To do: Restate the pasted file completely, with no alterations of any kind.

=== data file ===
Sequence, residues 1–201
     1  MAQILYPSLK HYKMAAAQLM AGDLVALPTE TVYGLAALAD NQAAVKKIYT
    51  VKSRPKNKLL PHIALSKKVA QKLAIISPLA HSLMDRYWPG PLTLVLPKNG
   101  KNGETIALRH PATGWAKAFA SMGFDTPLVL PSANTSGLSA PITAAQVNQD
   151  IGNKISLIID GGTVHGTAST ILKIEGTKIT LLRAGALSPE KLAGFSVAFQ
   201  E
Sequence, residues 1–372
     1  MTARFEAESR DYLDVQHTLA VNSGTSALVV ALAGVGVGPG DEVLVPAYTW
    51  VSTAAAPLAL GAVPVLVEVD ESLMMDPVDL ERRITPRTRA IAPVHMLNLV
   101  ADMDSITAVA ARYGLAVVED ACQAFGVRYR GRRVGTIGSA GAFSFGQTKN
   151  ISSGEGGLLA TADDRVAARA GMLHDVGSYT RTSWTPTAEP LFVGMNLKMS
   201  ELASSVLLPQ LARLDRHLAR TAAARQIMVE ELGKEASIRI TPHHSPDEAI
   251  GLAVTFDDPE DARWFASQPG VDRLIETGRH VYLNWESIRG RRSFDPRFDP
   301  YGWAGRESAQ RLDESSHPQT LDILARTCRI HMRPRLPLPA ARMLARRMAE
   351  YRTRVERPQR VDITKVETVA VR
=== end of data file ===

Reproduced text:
Sequence, residues 1–201
     1  MAQILYPSLK HYKMAAAQLM AGDLVALPTE TVYGLAALAD NQAAVKKIYT
    51  VKSRPKNKLL PHIALSKKVA QKLAIISPLA HSLMDRYWPG PLTLVLPKNG
   101  KNGETIALRH PATGWAKAFA SMGFDTPLVL PSANTSGLSA PITAAQVNQD
   151  IGNKISLIID GGTVHGTAST ILKIEGTKIT LLRAGALSPE KLAGFSVAFQ
   201  E
Sequence, residues 1–372
     1  MTARFEAESR DYLDVQHTLA VNSGTSALVV ALAGVGVGPG DEVLVPAYTW
    51  VSTAAAPLAL GAVPVLVEVD ESLMMDPVDL ERRITPRTRA IAPVHMLNLV
   101  ADMDSITAVA ARYGLAVVED ACQAFGVRYR GRRVGTIGSA GAFSFGQTKN
   151  ISSGEGGLLA TADDRVAARA GMLHDVGSYT RTSWTPTAEP LFVGMNLKMS
   201  ELASSVLLPQ LARLDRHLAR TAAARQIMVE ELGKEASIRI TPHHSPDEAI
   251  GLAVTFDDPE DARWFASQPG VDRLIETGRH VYLNWESIRG RRSFDPRFDP
   301  YGWAGRESAQ RLDESSHPQT LDILARTCRI HMRPRLPLPA ARMLARRMAE
   351  YRTRVERPQR VDITKVETVA VR